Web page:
Election Day 2013 is over and voters went to the polls Tuesday to change the shape of the Tri-State.
Below is a recap of key outcomes from the election and how they will affect you:
John Cranley elected next mayor of Cincinnati
Lawyer and vocal streetcar opponent John Cranley beat Roxanne Qualls Tuesday to become the next mayor of Cincinnati.
Cranley, 39, won 58 percent of the votes and didn't skip a beat by imploring city leaders to immediately stop streetcar spending until he can take office December 1.
"They should stop spending right away," a jubilant Cranley said, who was with his wife at the Banks celebrating his victory.
David Mann returns, Laure Quinlivan bows out in Cincinnati City Council race
Senior statesman David Mann predicted that the City Hall elections would be a referendum on the streetcar and it looks like he was right.
At 74, the white-haired former mayor and nine-term council member was re-elected to Cincinnati City Council after two decades Tuesday night, along with two other newcomers who vocally opposed the streetcar.
With all precincts reporting, it looked like once-popular incumbent Laure Quinlivan rode the streetcar to defeat, while Vice Mayor Roxanne Qualls, the biggest streetcar supporter on the ballot, lost her run for mayor to John Cranley.
Amy Murray and Kevin Flynn will also join the first nine-member council elected to a four-year term instead of two years.
Lakota School tax levy passes...for now
The fourth time appeared to be the charm for the Lakota School District levy Tuesday.
By a razor thin margin, voters passed the levy after three previous unsuccessful attempts.
The levy passed by just 241 votes, but it does not include 211 provisional ballots cast by voters in the school district.
Those votes will likely even further narrow the margin and as such will most likely trigger a recount, county election officials said.
Incumbent and three new members elected to Cincinnati Public Schools board
Three new people and an incumbent will help guide the future of the Cincinnati Public Schools system.
With all precincts reporting, the four winning candidates in the CPS board race are incumbent Melanie Bates with 18 percent of the vote; Ericka Copeland-Dansby with 15 percent; Elisa Hoffman with 14 percent; and Daniel Minera with 11 percent.
Fixing the lowest performing schools, expanding preschool offerings and expanding and improving the district’s Community Learning Centers emerged as top issues this campaign season.
Voters approve Public Library Issue 1 levy
The Hamilton County Library levy passed in Tuesday’s election.
The total count from all precincts reporting showed that the levy was approved. Those in favor of the tax outweighed those against it. It was approved by 80 percent on people at the polls.
The Issue 1 proposed to help Public Library keep operations and offset lost state funds. With continued local funding, about $181 million is expected to be produced over the next ten years.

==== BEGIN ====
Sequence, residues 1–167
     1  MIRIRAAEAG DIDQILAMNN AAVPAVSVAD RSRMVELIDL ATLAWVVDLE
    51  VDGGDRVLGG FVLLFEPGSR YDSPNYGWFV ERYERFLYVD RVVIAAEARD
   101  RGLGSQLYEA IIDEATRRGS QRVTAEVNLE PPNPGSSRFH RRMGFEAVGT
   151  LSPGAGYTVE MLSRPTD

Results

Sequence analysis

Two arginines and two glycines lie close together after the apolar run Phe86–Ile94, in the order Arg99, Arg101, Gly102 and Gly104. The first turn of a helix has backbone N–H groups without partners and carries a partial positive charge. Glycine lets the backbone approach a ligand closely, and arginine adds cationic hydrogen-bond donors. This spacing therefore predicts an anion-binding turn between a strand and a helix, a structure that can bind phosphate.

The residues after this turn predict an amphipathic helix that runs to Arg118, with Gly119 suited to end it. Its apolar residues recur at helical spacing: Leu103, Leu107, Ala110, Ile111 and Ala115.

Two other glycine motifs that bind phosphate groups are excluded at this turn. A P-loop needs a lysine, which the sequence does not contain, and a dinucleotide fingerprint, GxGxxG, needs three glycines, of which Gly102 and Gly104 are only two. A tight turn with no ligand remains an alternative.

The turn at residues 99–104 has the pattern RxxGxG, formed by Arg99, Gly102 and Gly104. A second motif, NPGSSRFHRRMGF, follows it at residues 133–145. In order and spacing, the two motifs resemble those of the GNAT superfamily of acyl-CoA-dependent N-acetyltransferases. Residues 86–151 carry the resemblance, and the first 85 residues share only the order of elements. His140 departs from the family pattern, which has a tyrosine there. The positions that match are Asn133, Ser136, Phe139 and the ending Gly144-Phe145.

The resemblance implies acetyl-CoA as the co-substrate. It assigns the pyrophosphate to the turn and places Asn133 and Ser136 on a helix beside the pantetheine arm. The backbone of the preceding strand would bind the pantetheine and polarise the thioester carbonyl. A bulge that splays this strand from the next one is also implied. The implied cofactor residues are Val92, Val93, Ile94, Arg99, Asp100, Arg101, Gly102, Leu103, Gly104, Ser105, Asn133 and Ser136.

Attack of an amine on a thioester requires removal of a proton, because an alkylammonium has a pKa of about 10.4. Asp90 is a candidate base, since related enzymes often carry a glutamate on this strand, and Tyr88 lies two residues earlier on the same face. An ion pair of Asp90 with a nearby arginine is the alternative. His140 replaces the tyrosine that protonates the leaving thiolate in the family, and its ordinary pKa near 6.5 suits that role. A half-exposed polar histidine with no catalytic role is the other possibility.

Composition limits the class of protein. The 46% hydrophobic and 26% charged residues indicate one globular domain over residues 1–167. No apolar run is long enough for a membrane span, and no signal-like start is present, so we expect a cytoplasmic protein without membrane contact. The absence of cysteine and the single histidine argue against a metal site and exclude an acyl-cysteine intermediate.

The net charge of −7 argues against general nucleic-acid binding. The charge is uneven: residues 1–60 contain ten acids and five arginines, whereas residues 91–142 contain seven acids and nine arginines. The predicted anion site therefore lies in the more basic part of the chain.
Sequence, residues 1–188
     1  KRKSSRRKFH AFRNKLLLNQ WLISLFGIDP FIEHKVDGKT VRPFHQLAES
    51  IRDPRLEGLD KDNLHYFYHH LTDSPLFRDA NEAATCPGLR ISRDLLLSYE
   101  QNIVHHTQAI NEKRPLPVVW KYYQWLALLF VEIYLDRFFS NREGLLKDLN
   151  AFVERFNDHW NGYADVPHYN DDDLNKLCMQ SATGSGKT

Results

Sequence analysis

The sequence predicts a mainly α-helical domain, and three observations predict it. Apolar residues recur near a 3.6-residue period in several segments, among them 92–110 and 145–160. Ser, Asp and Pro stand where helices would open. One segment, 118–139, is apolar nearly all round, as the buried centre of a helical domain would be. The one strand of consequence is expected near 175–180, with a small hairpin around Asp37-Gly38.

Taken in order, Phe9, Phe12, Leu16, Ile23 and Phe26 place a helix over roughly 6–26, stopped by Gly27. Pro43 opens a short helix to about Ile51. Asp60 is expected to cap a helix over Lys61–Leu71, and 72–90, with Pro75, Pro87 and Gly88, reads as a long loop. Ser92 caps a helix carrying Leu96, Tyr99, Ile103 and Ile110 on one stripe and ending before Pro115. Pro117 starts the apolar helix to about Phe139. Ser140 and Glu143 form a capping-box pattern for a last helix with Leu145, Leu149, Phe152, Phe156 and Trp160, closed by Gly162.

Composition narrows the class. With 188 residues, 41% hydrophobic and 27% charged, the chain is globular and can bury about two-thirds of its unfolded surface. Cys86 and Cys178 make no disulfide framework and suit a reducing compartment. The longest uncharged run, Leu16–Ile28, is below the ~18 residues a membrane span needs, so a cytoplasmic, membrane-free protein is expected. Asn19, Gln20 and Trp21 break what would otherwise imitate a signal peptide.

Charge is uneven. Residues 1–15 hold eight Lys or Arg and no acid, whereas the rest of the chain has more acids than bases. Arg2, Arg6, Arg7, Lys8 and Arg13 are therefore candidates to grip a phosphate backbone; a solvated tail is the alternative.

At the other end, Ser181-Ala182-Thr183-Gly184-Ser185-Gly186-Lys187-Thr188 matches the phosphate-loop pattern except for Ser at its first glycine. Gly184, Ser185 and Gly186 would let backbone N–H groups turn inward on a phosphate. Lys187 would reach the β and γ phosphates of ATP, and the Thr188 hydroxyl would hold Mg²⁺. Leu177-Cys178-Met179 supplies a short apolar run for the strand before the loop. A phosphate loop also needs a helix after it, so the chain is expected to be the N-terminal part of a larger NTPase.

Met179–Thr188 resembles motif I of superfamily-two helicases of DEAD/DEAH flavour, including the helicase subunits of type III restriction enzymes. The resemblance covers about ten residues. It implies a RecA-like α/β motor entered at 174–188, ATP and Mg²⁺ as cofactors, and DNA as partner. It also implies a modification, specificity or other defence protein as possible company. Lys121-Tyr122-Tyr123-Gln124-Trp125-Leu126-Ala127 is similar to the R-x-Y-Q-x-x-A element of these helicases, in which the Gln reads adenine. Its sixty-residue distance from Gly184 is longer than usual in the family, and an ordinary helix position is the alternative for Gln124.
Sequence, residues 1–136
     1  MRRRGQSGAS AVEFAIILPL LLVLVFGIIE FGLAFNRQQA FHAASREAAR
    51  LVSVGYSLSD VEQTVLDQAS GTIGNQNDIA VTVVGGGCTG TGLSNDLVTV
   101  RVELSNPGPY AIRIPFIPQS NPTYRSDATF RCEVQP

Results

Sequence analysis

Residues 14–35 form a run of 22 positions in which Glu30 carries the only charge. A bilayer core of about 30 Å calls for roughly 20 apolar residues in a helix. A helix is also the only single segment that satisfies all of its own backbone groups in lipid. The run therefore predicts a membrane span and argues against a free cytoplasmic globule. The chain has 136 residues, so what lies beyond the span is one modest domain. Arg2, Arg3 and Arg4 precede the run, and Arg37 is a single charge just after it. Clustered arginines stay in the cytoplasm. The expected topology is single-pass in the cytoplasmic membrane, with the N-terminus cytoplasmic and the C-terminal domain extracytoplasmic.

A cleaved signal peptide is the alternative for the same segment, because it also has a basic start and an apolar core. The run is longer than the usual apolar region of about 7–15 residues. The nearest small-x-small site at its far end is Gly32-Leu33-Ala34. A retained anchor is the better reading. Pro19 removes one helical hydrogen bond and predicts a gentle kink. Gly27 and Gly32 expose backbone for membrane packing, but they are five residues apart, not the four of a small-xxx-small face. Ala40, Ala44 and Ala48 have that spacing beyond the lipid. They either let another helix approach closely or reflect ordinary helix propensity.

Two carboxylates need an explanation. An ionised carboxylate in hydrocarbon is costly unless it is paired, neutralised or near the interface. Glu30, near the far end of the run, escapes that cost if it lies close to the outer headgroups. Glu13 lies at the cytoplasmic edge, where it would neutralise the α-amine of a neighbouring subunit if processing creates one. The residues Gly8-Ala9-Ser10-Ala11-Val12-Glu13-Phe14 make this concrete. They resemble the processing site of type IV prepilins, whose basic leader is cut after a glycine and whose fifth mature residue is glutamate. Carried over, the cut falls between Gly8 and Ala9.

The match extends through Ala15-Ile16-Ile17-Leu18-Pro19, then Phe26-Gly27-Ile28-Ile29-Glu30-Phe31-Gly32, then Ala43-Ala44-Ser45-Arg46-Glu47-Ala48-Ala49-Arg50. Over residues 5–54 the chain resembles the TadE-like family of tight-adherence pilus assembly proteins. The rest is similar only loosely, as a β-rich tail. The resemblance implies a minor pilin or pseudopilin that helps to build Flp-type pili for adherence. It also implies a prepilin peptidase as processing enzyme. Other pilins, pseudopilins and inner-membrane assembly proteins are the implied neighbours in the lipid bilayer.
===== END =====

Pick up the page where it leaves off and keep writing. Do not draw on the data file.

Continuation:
Cincinnati Zoo tax levy renewal passes
Voters said yes Tuesday to a tax levy renewal in Hamilton County for the Cincinnati Zoo park services and facilities.
Renewal of the Issue 2 levy is to provide and maintain zoological park services and facilities.
The levy will generate about $6.8 million annually in revenues. Because it is a renewal, property owners won’t see an increase in their tax bill.
Voters say loud no to Issue 4 pension reform
Cincinnati voters overwhelmingly rejected Issue 4, a major overhaul of the city’s troubled pension system, in Tuesday’s election.
The vote was 79 percent against and 21 percent for.
A private group known as the Cincinnati for Pension Reform Committee gathered enough signatures last summer to place a charter amendment on the ballot.
The amendment would have required the city to pay off its $872 million unfunded liability in the current pension system within 10 years.
West Clermont Local School District operating levy rejected
Voters rejected a proposed 5.8 mill operating levy, that was expected to generate $7.2 million annually for the West Clermont Local School District.
There were 6,604 votes for the levy (44 percent) and 8,404 against it (56 percent).
Before its rejection Tuesday, the district promised to use the funds to restore art, music and physical education classes at district elementary schools, provide additional busing and restore kindergarten classes to a full schedule.
Oak Hills voters pass school levy
The second time was a charm for the Oak Hills School District levy.
After voters rejected it in May, they passed the five-year, 4.82-mill levy Tuesday and prevented another round of deep budget cuts.
The vote was 57 percent for and 43 percent against - a swing of 12 percent from last May, when the levy failed 55 percent to 45 percent vote.
More key school levies voted on around the Tri-State
Other key school levies were voted on around Ohio.
Tax levies voted on around Ohio
Several key levies were also voted on in communities around Southwestern Ohio on Election Day.